for-phone-onlyfor-tablet-portrait-upfor-tablet-landscape-upfor-desktop-upfor-wide-desktop-up
Sports News

Wozniacki beats Wickmayer to reach U.S. Open final

NEW YORK (Reuters) - Caroline Wozniacki of Denmark beat error-prone Belgian Yanina Wickmayer 6-3 6-3 on Saturday to advance to the women’s final of the U.S. Open against former champion Kim Clijsters.

Caroline Wozniacki of Denmark celebrates during her semi-final match against Yanina Wickmayer of Belgium at the U.S. Open tennis championship in New York, September 12, 2009. REUTERS/David Gray

Ninth-seeded Wozniacki, who became the first Danish woman to reach a grand slam singles final, covered her face with her hand as tears came to her eyes at the end of the 96-minute match at a virtually deserted Louis Armstrong Stadium.

“I’m in the U.S. Open final. I cannot describe it with words. I’m so excited,” she told reporters. “It’s a dream come true to play the finals of a grand slam, and now I’m here. I have absolutely nothing to lose.”

Wozniacki won the battle of 19-year-olds by steadily trading groundstrokes against big-hitting Wickmayer and waiting for her unseeded opponent to make mistakes.

In a match delayed more than seven hours from its scheduled afternoon launch because of wet conditions, the unseeded Wickmayer made 40 unforced errors, mainly from her booming forehand, against just 14 for the Dane.

Because of the backlog in the rain-battered schedule on the closing weekend at Flushing Meadows, their semi-final was played at the same time as Clijsters and Serena Williams were dueling at the adjacent, 23,000-seat Arthur Ashe Stadium.

A sedate audience of only a few hundred gathered close around them at the 10,000-seat court. The only cheers heard were those that drifted down from the towering main stadium.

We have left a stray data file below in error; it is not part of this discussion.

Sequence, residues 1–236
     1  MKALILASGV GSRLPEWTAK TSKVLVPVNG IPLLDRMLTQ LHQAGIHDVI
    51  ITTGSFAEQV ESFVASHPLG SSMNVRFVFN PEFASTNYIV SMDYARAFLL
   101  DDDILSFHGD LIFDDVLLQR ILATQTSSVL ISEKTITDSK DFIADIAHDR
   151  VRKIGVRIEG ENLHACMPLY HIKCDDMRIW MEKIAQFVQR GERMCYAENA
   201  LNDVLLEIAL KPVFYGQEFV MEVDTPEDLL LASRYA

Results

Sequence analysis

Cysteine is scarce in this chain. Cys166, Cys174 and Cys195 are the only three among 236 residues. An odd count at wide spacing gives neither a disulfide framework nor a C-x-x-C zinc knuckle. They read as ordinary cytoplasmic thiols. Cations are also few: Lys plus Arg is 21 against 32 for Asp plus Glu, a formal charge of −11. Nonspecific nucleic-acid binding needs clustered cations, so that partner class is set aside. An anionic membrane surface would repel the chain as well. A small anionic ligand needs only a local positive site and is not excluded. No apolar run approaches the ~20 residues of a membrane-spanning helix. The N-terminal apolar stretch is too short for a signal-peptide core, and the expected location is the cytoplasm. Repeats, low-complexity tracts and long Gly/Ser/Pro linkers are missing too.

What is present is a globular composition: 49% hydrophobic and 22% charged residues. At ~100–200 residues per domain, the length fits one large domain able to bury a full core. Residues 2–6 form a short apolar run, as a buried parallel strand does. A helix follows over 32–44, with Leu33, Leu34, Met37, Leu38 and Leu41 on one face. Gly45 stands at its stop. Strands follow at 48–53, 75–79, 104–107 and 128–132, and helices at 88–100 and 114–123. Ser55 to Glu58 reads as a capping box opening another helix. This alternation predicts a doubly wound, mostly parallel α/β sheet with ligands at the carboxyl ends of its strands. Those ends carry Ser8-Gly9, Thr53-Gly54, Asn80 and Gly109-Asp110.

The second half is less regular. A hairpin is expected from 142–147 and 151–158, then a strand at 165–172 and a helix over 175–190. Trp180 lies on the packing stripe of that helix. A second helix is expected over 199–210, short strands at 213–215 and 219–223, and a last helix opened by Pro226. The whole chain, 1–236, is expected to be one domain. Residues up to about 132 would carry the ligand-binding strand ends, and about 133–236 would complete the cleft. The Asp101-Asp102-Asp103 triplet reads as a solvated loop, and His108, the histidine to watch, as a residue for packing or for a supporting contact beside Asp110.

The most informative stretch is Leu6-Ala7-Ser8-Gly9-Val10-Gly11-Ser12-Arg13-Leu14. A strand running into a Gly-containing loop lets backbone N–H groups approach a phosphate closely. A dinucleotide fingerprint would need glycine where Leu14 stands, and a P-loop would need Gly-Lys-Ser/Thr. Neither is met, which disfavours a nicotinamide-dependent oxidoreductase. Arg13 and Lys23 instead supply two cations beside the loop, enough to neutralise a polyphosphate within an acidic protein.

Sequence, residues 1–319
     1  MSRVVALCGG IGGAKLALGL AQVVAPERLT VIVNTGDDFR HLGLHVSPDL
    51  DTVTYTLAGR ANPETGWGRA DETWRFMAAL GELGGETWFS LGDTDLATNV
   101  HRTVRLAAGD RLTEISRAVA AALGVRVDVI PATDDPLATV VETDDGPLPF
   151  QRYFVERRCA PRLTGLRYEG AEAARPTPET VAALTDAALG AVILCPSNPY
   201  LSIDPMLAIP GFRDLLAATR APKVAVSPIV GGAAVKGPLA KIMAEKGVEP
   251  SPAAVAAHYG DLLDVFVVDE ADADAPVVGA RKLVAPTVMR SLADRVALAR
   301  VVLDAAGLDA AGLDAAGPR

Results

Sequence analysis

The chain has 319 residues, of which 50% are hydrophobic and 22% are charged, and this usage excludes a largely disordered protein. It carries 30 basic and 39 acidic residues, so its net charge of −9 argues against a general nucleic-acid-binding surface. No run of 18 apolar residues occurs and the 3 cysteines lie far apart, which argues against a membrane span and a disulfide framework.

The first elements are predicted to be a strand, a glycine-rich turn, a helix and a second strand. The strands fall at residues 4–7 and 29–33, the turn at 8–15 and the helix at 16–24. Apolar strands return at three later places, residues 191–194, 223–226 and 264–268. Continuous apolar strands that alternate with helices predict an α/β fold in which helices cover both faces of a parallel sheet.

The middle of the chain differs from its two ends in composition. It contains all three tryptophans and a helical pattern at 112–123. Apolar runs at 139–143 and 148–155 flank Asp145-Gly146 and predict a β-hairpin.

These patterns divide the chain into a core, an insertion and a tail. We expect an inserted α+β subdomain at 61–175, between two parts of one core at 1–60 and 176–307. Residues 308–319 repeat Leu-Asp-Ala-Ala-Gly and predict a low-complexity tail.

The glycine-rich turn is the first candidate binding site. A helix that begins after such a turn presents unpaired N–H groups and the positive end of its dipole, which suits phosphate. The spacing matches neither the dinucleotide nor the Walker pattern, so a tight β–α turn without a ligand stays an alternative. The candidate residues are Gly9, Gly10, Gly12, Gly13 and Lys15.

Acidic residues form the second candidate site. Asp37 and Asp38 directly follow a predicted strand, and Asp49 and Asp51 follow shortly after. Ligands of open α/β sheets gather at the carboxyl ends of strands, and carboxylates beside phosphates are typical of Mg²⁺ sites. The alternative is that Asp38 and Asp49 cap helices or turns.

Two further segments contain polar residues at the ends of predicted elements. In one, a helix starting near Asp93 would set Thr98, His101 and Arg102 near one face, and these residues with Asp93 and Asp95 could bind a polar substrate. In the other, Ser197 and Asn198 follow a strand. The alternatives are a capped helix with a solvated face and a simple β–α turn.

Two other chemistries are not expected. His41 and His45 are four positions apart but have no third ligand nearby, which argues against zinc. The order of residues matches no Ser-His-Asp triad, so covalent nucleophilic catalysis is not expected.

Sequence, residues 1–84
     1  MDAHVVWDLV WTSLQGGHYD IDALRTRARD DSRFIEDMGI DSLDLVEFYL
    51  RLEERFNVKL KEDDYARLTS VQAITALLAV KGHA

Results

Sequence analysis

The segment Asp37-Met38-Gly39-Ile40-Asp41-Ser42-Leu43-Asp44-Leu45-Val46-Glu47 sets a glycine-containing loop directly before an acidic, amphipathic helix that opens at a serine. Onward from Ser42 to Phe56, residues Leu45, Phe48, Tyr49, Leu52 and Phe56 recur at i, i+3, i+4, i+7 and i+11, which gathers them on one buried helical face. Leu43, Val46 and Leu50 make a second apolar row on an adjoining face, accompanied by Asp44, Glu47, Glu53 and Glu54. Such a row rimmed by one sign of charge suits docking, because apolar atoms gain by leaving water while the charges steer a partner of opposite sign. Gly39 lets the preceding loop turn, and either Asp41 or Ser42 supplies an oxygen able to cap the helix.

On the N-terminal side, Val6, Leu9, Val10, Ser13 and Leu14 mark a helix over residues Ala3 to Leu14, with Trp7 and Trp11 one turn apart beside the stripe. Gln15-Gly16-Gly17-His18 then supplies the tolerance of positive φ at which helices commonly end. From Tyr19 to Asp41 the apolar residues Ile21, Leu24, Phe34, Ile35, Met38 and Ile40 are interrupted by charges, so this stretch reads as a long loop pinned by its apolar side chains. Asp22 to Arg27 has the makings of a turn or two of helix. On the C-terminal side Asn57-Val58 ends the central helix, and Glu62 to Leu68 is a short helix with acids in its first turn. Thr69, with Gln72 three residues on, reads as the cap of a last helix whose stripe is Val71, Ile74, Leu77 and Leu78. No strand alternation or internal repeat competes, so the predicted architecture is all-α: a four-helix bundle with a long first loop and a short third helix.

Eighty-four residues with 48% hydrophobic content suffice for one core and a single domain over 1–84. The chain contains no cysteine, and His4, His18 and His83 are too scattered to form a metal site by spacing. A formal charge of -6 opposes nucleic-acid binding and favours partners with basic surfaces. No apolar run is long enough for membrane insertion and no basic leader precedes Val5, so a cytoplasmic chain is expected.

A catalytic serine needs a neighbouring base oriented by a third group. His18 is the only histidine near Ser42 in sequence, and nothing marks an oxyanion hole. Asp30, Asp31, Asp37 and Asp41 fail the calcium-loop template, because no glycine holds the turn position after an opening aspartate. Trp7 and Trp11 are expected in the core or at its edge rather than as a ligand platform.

“Maybe actually it was easier, because you didn’t really feel that you’re in the semi-finals,” Wozniacki said. “You didn’t feel the pressure too much that actually you’re so close to being in a finals.”

Wozniacki executed the same game plan that lifted her to a 6-2 6-2 quarter-finals win over U.S. darling Melanie Oudin.

Playing it safe while demonstrating an athletic, all-round game, the eighth-ranked Dane won the first set despite holding serve just twice as she broke number 50 Wickmayer four times.

The Dane, who arrived at the National Tennis Center some 10 hours before her match eventually got underway, said defense was a key.

“We’d been waiting all day, so it was just about getting the feet going and to get as many balls back as possible,” she said.

Wozniacki, winner of three tournaments this year including the New Haven run-up event for the Open, claimed victory on her second match point when, fittingly, Wickmayer belted a forehand wide.

The Dane will face 26-year-old Clijsters, the 2005 champion who has returned this summer to competition after more than two years off to start a family.

Wozniacki and Clijsters, who advanced past 2008 winner Serena Williams 6-4 7-5, meet in a Sunday night showdown.

Editing by Steve Ginsburg

for-phone-onlyfor-tablet-portrait-upfor-tablet-landscape-upfor-desktop-upfor-wide-desktop-up